By lunch time on November 11th, China’s most popular shopping holiday, online buyers in the country had already smashed the previous record for the number of e-commerce sales in a single day.
Singles’ Day, celebrated on the 11/11 because of the association between bachelors and the number one (ie. four singles), is designed for the younger Chinese generation to celebrate their bachelor lives. However, e-commerce companies popularised the holiday as a day for shopping, turning it into the biggest day on the calendar for e-commerce.
This year, Alibaba, China’s largest e-commerce group and chief promoter of Singles’ Day, beat the US$3.1bn recorded in sales last year by 1.04pm, which was more than double the US$1.46bn recorded during 2012’s Cyber Monday in the United States.
By end of the day, Alibaba had recorded US$5,7bn in sales exclusively through its payment system, Alipay, meaning the actual figure for the day will be even higher when all payment methods are eventually totaled up.
Despite being unarguably the largest seller on the shopping holiday, Alibaba is not the only company making big numbers. Gloria Li, a spokeswoman for Alibaba’s closest rival, Jingdong, said the company was selling the equivalent of one computer per second on Singles’ Day and that the sale of shoes was “through the roof”. However, Jingdong provided no exact figures to the public.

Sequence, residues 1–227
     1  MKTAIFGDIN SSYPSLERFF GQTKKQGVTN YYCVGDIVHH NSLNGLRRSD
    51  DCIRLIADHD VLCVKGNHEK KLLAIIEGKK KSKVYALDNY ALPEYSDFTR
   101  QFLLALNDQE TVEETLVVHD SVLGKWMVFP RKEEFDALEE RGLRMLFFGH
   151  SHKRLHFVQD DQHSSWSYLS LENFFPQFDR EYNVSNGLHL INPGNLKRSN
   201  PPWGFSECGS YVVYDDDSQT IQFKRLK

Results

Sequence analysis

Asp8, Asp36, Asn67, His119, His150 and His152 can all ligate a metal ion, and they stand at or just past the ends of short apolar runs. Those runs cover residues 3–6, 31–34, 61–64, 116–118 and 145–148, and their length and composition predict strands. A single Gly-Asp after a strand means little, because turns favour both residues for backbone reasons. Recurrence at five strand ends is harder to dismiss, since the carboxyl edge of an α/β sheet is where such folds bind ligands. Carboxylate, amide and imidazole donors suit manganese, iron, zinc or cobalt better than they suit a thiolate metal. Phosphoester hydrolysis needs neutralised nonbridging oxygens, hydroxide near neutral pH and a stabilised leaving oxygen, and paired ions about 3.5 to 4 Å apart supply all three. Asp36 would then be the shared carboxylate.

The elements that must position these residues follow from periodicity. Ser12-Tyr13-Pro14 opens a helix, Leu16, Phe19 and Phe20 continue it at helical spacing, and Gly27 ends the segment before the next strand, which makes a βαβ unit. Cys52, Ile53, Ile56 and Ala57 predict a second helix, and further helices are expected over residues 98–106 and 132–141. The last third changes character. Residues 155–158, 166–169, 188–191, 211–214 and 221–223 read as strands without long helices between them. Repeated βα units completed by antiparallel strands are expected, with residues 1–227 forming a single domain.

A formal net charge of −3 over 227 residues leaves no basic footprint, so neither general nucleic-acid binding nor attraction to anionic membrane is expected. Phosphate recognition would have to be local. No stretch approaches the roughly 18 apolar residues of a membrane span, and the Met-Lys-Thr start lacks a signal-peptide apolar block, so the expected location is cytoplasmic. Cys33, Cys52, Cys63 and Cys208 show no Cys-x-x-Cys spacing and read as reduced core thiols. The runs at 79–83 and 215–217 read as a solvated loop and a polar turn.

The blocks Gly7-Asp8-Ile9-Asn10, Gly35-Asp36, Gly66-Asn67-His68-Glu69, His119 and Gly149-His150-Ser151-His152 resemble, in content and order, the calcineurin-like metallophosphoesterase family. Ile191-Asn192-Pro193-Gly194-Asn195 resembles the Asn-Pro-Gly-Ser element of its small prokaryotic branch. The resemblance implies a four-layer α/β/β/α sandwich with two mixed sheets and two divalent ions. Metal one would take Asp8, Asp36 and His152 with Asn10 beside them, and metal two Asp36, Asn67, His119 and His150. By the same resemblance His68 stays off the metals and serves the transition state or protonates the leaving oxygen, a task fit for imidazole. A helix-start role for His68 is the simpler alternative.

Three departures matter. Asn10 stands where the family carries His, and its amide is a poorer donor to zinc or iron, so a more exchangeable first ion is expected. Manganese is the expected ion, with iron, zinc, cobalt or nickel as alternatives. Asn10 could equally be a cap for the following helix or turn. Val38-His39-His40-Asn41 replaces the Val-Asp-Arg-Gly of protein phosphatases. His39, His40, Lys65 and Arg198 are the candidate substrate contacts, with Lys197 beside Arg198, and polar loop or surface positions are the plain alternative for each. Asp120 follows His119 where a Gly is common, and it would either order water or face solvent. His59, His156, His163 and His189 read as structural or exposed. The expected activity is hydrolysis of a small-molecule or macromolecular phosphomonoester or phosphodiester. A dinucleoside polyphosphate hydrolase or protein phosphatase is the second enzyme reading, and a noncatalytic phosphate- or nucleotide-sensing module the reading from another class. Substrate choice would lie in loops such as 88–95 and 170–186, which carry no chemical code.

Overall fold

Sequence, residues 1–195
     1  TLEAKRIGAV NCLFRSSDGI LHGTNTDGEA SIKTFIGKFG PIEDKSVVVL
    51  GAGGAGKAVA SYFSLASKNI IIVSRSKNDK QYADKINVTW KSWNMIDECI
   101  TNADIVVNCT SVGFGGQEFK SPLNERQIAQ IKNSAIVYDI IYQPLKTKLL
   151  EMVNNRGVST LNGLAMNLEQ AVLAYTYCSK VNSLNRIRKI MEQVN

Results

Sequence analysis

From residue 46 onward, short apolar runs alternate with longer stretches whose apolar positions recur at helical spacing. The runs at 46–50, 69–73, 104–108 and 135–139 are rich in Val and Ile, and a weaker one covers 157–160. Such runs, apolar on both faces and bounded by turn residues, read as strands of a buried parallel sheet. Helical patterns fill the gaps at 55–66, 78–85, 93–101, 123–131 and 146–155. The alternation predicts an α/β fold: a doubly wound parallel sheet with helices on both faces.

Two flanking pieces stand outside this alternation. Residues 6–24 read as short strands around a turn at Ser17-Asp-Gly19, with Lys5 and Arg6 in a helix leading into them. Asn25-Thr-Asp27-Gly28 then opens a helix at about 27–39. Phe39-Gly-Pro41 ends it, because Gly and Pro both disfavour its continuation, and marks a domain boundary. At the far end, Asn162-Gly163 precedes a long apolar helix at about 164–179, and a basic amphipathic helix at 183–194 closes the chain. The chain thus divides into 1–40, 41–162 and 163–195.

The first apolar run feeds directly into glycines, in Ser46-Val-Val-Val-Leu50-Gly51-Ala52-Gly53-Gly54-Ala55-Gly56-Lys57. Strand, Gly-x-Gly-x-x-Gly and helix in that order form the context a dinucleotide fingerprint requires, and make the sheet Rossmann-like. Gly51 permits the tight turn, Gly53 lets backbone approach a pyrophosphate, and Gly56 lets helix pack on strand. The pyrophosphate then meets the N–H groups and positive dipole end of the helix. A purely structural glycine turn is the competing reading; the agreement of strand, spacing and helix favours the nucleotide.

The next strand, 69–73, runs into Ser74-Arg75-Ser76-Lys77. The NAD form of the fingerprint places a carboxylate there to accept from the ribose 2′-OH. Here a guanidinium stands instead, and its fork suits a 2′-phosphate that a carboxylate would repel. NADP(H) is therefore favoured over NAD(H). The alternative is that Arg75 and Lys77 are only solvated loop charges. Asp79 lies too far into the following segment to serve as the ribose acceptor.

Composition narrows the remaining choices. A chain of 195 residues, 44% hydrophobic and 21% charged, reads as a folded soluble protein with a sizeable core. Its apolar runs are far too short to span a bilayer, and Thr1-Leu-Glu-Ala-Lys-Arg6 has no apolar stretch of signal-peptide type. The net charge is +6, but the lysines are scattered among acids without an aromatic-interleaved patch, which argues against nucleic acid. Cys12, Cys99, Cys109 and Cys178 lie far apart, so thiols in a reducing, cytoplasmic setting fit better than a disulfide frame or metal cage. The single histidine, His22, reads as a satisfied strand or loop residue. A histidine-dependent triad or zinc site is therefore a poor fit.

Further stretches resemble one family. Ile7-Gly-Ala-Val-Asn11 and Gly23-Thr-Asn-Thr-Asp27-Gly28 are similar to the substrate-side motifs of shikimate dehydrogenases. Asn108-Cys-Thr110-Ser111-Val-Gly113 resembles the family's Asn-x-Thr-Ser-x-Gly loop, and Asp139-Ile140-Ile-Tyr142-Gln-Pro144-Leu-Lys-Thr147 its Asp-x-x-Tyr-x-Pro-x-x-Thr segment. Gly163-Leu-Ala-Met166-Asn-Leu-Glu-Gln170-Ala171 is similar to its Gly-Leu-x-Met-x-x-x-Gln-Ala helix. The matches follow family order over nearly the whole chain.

With these numbers, it’s impossible to be surprised by forecasts that China will overtake the US as the world’s largest market for e-commerce within the next two years.
According to McKinsey’s research, China’s revenue from online sales last year was between US$190bn and US$210bn, while the US revenue stayed just above at between US$220bn and US$230bn. The big difference rests on the fact that China’s market grew 120 per cent between 2003 and 2011, while the US market only grew 17 per cent in the same period of time.
McKinsey further forecasts that by 2020 China’s market could reach US$420bn-650bn, with revenue doubling or potentially even tripling.
It isn’t hard to imagine when taken into consideration that only 31 per cent of the households in China have broadband internet and 21 per cent have mobile broadband. As these percentages grow, online sales will most likely grow proportionally.
Surprisingly, Alibaba founder and chairman Jack Ma has expressed concern by the impact e-commerce is having on business owners and in the nation’s retailers. “Now, a lot of malls have more staff than customers,” he said, “Web shopping will cause local retail prices to come down, and then there’ll be price adjustment in the Chinese market.”
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